Review Summary: A great Suicidal Black Metal album that dares to be different and is all the better for it.
Suicidal black metal is a genre that can be hard to take seriously. Bands often advocate and endorse themes of suicide and hate of life, however very few seem to walk the talk. It doesn’t help that many bands rely on absolute *** production and *** music to create an “atmosphere” which is basically just a bunch of noise and a 10 dollar Casio keyboard. So when walking into Thy Light, a band which not only describes itself as “suicidal music for suicidal people” but is also the solo project of a guy (Paolo Bruno) whose full time job is as guitarist for Brazilian power metallers Dreamstate, I was expecting little less than gimmicks and stereotypes played with no actual emotional depth or musical value. However I was about to be pleasantly surprised, as Suici.De.Pression (oh yeah the name didn’t help my initial impression either) is a powerful record with lots to offer.
From the beginning the album stands out as a different observation upon the genre. A soft piano piece begins the record and gives it its name; it displays a masterful use of dynamics as the song slowly begins to climb up to its incredible climax, a fast flurry of arpeggios which show something rare for this type of music, actual technique. “In my last mourning…” begins with a quiet guitar intro along with the sound of waves which becomes slowly more and more intense with gradual ease, not with sudden jumps in dynamic which often make songs feel awkward. When the black metal finally kicks in around the 4 minute mark it is truly impressive, and though it doesn’t stray too far from tradition it manages to be different. Throughout the whole record not a single blast beat is used, however it still manages to feel like black metal, and the atmosphere is just incredible. The screams are high pitched and emotional and the guitars are dirty all throughout, however not dirty enough to become an unintelligible mess. However the true victory of Suici.De.Pression is the rhythm section (well it’s a one man band but you get what I mean). The drums are not typical black metal, as I said no blast beats, but the masterful use of the double pedal and just the right moments gives the album its feel of emotional depth, the dynamics go up and down, moments of intensity are perfectly highlighted and it all thanks to the insistence of the bass drum and the bass guitar. This formula works amazingly on “In my last mourning…” and “A crawling worm in a world of lies” however “I am the bitter taste of Gall” actually manages to suffer from it.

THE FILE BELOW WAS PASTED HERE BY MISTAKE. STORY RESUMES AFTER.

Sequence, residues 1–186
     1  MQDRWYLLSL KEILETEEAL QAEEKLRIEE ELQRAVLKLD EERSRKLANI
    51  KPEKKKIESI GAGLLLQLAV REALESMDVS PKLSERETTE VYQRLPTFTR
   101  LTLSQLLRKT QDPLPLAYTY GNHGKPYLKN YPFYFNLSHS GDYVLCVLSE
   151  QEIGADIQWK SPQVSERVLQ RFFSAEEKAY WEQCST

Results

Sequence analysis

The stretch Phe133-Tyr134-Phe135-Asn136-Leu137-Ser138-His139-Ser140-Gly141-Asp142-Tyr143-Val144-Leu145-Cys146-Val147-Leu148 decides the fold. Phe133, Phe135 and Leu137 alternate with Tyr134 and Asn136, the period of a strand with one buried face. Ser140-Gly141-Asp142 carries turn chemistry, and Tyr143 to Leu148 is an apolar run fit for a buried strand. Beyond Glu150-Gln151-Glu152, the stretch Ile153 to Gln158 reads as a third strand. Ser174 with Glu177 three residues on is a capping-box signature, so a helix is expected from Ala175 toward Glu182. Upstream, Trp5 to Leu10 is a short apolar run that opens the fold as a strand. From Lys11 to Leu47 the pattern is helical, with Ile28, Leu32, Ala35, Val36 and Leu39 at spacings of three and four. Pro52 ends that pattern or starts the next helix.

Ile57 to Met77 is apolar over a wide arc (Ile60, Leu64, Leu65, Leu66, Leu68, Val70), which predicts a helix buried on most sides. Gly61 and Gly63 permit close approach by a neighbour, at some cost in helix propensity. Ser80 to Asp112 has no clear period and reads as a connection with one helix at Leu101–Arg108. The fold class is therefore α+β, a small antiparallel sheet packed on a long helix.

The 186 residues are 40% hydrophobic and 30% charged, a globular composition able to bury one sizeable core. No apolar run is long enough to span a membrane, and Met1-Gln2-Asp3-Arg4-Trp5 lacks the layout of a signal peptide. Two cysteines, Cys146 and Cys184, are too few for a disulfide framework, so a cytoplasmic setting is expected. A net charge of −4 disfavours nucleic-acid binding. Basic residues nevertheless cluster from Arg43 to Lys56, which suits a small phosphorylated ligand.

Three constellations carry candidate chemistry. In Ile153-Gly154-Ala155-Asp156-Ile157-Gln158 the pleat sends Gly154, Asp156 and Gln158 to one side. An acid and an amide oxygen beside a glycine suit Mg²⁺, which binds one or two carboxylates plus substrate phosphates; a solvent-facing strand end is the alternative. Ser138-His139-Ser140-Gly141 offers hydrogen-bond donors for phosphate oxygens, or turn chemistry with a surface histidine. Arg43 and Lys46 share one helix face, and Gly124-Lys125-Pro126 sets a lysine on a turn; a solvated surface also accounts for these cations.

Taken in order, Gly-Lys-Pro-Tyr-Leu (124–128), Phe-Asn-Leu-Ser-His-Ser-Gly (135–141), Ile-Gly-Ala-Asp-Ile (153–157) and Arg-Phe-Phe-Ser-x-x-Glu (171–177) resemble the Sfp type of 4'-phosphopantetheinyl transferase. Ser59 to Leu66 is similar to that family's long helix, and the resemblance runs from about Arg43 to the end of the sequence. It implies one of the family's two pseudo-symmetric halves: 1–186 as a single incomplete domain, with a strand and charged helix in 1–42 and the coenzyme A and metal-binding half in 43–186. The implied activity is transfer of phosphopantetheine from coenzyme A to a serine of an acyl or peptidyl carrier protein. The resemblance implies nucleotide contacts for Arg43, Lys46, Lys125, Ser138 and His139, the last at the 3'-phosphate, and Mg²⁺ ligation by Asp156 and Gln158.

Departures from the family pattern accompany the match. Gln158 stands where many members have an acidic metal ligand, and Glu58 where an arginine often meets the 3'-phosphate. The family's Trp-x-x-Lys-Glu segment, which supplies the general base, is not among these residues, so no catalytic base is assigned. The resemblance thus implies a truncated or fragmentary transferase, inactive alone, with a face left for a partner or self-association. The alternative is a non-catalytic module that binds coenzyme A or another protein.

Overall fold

After two absolutely amazing songs that rely on their impeccable use of dynamics and build ups “I am the bitter taste of Gall” is truly a letdown. It starts off well but soon enough you realize something is wrong, it’s just a slow black metal song, boring, overlong and with a serious lack of ideas, what the rest of the album would be like without the powerful drum and bass combos and the catchy melodies. It’s not a bad song by itself, the last two or three minutes are actually pretty badass, it’s just nowhere near the power of the rest of the album and really brings the overall quality down. Perhaps the only problem with the album aside from this song is the lyrics, the only thing in the band not written by Paolo Bruno (which speaks very well of him) instead written by a guy called Alex Witchfinder. Though the vocals are nothing short of absolutely brilliant the often lackluster lyrics often harm one’s appreciation of Bruno’s majestic shrieks. Even though I am biased in this field for my constant grudge with this genre’s lyrics, these stand out not only because of their subject matter but because they are actually very badly written, one has but to look at some of the song title’s to realize this.
“…And I finally reachs my end”, the album’s closing track is by far its most amazing, emotional melodies and solos galore soar on top of the returned rampage of the rhythm section. Bruno ditches the guttural shrieks for a Silencer-like scream of agony, the dynamics fell fresh and powerful, the up and down formula that works so well in other places of the album exploited to its maximum extension in what is easily one of the best black metal songs of 2008 and a perfect example of everything the SBM can be when done right.
The album is a fresh breath of air in the scene, a powerfully crafted piece of work that doesn’t rely on gimmicks or clichés yet never betrays the genre that it is very proudly a part of. An emotional album with actual emotion that doesn’t rely on constant aggression to drive the point home, a truly marvelous record that promises a lot for what this band may accomplish in the future.